ARFSD8: Green, Resilient Africa is Key to Building Back Better – Experts

Logo of the Eighth Session of the Africa Regional Forum on Sustainable Development | United Nations Economic Commission for Africa

Experts at the ongoing Africa Regional Forum on Sustainable Development (ARFSD8) have identified green and resilient Africa as an indicator of building back better

The pandemic which brought massive challenges and losses in terms of human lives and economic growth has also put a spotlight on the importance of building resilient societies’ and building back better

This message was conveyed by a coalition of African civil society groups during a preparatory and capacity development workshop for major groups and stakeholders in the African region on 2nd March 2022.

The workshop held as a side event at the ongoing ARFSD8, of the  organised by the United Nations Economic Commission for Africa (UNECA), holds under the theme: Road to COP 27 in Cairo advocacy strategy and intersectionality of the three dimensions SDGs (environment, social and economic).

Africa Climate Reports monitored the panel’ discussion comprising Dr Mithika Mwenda, Executive Director PACJA, Dr Augustine Njamnshi, the Technical and Political Affairs expert, Mela Chiponda, an Afro-feminist and Advocacy Officer, Eugene Nforgwa, an expert in Just Transition and Energy Access, and Wanjira Mathai, Vice president and Africa Director World Research Institute (WRI).

Dr Mithika Mwenda analysed the nexus between the SDGs and climate change and how pushing for climate action would facilitate green recovery.

“Climate change is directly or indirectly linked to all the SDGs as they are interconnected. Even to end poverty and hunger anywhere in the global south, the root cause, which is the climate crisis, must be tackled. Climate change is a real threat multiplier. It amplifies existing threats, exacerbating problems for the economy, environment and society, especially in Africa,” he said.

According to Dr Mwenda, “an ambitious climate goal such as the Paris Agreement’s objective of limiting global warming to well below 2 degrees Celsius and pursuing 1.5 degrees Celsius would help achieve most SDGs. Moving through the arch of the 2050 ambition, 2018 was notable in adopting the Paris rulebook and catalysing climate action. 2020 and 2025 are critical in enhancing the nationally determined contributions (NDCs) and non-state efforts as we await the 2023 global stocktake, he said.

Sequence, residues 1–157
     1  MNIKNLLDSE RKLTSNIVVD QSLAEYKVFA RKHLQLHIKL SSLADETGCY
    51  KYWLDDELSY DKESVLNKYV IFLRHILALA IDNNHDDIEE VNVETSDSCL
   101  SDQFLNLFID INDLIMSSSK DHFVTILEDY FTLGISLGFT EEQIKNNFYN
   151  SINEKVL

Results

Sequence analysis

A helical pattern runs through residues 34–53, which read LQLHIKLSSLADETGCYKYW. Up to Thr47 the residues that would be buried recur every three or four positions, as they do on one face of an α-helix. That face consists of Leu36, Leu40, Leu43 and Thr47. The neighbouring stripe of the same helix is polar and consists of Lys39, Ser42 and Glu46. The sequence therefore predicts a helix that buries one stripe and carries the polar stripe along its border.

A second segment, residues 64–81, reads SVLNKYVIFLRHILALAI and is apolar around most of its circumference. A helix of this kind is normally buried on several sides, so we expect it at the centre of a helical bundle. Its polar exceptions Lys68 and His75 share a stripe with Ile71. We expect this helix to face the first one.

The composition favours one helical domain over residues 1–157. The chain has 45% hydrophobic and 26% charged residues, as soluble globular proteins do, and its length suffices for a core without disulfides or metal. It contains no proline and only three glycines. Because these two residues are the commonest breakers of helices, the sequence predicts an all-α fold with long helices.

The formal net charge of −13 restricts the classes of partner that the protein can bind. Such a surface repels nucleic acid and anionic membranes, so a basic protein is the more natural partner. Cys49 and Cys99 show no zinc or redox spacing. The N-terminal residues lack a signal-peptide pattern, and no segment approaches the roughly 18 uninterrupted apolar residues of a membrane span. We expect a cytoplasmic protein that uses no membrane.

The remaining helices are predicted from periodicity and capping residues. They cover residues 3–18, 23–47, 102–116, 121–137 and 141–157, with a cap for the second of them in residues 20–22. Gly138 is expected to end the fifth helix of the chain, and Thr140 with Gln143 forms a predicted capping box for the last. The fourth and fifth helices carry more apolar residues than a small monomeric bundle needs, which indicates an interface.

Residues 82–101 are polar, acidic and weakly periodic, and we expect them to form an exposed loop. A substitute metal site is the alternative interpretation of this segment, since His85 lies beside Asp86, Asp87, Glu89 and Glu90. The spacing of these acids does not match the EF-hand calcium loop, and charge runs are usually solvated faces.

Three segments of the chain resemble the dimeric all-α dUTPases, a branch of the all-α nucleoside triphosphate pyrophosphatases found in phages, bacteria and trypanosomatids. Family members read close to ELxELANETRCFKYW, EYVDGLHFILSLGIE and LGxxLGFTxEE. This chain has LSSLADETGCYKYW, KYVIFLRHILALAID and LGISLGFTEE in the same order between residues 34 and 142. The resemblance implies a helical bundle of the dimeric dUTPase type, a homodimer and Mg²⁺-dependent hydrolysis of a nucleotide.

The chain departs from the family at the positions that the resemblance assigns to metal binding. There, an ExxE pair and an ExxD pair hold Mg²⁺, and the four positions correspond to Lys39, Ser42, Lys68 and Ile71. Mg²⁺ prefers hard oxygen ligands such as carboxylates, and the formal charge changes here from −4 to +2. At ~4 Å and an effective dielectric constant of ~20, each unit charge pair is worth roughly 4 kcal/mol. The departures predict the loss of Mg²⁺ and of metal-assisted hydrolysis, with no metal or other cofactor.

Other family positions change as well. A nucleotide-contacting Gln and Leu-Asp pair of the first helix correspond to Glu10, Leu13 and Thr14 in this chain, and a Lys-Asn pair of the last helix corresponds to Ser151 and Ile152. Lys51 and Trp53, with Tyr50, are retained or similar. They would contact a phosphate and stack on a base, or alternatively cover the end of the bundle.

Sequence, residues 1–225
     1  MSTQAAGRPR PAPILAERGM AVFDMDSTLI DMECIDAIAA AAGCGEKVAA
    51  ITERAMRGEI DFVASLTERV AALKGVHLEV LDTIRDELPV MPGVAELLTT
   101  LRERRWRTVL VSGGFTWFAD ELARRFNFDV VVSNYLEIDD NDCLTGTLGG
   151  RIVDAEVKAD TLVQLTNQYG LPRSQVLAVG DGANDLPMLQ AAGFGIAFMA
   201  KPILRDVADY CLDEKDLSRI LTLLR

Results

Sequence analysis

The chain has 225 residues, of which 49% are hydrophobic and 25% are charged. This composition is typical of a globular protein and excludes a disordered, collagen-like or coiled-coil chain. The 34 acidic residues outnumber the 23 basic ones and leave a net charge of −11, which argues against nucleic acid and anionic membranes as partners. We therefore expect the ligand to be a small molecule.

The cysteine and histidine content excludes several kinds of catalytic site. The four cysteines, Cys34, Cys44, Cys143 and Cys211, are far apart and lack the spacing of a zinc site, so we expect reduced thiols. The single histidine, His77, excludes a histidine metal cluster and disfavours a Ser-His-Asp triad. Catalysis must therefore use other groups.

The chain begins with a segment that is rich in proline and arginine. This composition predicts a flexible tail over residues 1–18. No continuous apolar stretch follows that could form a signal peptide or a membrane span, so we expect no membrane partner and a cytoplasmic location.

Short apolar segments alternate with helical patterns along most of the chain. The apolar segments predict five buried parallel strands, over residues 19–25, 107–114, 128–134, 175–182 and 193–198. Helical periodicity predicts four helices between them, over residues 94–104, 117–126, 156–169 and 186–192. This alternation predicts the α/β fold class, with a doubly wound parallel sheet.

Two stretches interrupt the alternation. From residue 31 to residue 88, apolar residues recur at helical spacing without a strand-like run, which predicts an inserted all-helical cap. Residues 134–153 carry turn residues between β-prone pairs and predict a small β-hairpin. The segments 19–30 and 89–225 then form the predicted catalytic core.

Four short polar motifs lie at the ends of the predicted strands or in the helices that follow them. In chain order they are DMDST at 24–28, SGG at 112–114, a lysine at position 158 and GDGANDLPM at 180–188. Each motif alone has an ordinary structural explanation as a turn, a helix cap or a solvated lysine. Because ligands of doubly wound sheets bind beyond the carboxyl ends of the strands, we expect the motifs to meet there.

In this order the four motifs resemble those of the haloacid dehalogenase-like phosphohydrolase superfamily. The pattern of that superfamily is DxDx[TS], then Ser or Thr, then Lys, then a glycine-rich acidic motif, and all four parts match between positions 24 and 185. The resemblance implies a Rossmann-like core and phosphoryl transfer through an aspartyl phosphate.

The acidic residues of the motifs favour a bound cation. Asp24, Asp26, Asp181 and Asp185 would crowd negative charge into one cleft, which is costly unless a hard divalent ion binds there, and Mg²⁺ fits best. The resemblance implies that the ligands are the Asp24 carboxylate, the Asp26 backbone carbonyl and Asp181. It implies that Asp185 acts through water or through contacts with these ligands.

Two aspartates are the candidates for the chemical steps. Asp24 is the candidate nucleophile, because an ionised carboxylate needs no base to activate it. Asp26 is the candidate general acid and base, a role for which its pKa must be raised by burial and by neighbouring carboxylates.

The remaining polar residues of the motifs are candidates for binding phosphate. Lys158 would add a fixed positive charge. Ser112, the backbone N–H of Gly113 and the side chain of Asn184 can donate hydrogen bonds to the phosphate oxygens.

“Now the questions are: where are we coming from? What are we doing or not doing currently? Are we on the right path on the arch of ambition to 2050 Net-zero goal?”, he added.

Other panellists all noted that  developing a green, inclusive and resilient Africa was critical to building forward better in the path of green recovery.

They also highlighted that African countries should be supported with the tools and capacities needed to integrate climate resilience in the huge investments needed to close development gaps.

Wanjira Mathai explained how just energy transition was critical in driving true prosperity, stating, “Africa’s prosperity must be the most important factor in building resilience. We need to double down in energy access and just transition that would power Africa.”

She underscored the need for significant investments that would facilitate real energy progress that would power true prosperity in Africa and address climate change issues.

Experts at the ongoing Africa Regional Forum on Sustainable Development (ARFSD8) have identified green and resilient Africa as an indicator of building back better – excerpts from the panelists session


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